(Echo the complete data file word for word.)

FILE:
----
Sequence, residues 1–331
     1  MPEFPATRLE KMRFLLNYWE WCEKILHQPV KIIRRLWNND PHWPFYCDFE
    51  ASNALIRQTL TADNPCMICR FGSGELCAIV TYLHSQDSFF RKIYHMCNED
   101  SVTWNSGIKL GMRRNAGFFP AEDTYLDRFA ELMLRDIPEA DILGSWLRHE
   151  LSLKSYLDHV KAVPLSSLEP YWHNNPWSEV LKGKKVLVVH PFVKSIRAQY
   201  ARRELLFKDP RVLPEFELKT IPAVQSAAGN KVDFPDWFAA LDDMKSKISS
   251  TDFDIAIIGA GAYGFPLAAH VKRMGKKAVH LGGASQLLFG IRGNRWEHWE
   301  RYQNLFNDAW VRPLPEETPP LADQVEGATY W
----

Sequence, residues 1–331
     1  MPEFPATRLE KMRFLLNYWE WCEKILHQPV KIIRRLWNND PHWPFYCDFE
    51  ASNALIRQTL TADNPCMICR FGSGELCAIV TYLHSQDSFF RKIYHMCNED
   101  SVTWNSGIKL GMRRNAGFFP AEDTYLDRFA ELMLRDIPEA DILGSWLRHE
   151  LSLKSYLDHV KAVPLSSLEP YWHNNPWSEV LKGKKVLVVH PFVKSIRAQY
   201  ARRELLFKDP RVLPEFELKT IPAVQSAAGN KVDFPDWFAA LDDMKSKISS
   251  TDFDIAIIGA GAYGFPLAAH VKRMGKKAVH LGGASQLLFG IRGNRWEHWE
   301  RYQNLFNDAW VRPLPEETPP LADQVEGATY W